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J Am Coll Cardiol. 2002 Jun 19;39(12):1964-72.

Intracardiac echocardiography-guided, anatomically based radiofrequency ablation of focal atrial fibrillation originating from pulmonary veins.

Author information

  • 1Cardiovascular Division, Department of Internal Medicine, University of Virginia Health System, Charlottesville, Virginia 22908, USA. mmangrum@virginia.edu

Abstract

OBJECTIVES:

In patients with a pulmonary vein (PV) source for atrial fibrillation (AF), we sought the use of intracardiac echocardiography (ICE) to evaluate PV anatomy, guide radiofrequency (RF) ablation and monitor for acute stenosis during ablation.

BACKGROUND:

A focal source for AF may be found in the proximal component of the PVs and can be effectively treated by ablative techniques. However, the procedure may be challenging due to the complex anatomy of the left atrium and PVs, uncertain catheter positioning within the PVs and difficulties in mapping atrial extrasystoles, which may be rare or repeatedly induce AF and require cardioversion.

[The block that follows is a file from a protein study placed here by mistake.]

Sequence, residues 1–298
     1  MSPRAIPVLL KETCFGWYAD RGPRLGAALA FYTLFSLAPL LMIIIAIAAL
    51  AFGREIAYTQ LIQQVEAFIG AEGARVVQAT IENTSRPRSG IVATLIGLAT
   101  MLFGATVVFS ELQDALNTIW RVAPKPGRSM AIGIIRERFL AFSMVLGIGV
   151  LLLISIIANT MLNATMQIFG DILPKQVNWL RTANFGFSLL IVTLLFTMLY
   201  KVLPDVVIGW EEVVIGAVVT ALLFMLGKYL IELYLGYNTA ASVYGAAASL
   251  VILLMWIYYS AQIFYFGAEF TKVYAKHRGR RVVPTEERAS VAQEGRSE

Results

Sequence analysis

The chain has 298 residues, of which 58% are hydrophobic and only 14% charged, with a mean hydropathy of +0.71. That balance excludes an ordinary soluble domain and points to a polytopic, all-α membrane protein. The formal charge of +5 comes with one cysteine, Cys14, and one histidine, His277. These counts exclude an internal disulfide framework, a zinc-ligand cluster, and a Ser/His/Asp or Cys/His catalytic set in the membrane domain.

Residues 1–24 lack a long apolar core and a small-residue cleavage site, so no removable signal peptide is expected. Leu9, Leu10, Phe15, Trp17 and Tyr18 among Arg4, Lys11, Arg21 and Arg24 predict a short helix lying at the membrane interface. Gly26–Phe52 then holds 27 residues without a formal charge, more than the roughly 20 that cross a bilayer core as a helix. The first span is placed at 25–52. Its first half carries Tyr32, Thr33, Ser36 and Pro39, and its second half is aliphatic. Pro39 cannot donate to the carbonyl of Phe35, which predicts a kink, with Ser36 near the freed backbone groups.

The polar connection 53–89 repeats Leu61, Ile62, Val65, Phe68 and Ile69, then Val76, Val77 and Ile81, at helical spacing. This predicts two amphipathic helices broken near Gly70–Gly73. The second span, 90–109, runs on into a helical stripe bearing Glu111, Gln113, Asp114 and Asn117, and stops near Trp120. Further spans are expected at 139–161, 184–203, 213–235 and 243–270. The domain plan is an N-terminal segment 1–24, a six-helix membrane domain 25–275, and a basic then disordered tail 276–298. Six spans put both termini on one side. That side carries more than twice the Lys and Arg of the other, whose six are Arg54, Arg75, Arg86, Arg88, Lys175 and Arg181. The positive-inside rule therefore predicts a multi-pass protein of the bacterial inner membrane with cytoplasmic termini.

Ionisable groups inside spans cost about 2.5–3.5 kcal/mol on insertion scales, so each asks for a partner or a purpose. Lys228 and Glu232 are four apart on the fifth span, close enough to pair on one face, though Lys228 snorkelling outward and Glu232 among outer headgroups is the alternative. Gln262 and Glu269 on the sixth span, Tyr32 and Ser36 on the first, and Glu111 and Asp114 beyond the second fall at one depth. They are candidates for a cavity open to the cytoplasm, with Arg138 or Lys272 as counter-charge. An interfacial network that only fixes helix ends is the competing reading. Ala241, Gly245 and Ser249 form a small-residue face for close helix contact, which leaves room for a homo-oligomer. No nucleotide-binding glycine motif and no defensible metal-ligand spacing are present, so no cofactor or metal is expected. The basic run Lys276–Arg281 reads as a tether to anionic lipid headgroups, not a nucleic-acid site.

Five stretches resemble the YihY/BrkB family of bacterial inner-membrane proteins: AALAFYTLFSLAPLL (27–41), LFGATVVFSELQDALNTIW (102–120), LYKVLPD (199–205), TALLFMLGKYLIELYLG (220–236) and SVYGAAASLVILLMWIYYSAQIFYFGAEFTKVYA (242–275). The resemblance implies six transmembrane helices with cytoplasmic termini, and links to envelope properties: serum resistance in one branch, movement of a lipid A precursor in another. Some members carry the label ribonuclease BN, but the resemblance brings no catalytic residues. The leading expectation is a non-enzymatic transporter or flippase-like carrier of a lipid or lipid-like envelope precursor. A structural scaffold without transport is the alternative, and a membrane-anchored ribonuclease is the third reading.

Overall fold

METHODS:

Sixty-four patients were referred for RF ablation of a focal source of AF, and 56 were identified as having AF triggers in > or =1 PV. Using ICE guidance, RF lesions were applied around the circumference of the vein near the os until there was electrical isolation.

RESULTS:

Lesions were placed in 82 veins (36 right superior PV, 33 left superior PV, 9 left inferior PV, 4 right inferior PV); 24 +/- 12 lesions per vein were necessary to create electrical isolation with a fluoroscopic time of 11 +/- 4 min and a mean of 22% reduction in luminal area. After a follow-up of 13 +/- 7 months, 66% of patients remained free of AF, and another 13% responded better to medications.

CONCLUSIONS:

We describe an anatomic approach to PV electrical isolation in which ICE is used to define the anatomy, guide RF ablation and monitor for acute PV changes.

PMID:
12084595
[PubMed - indexed for MEDLINE]
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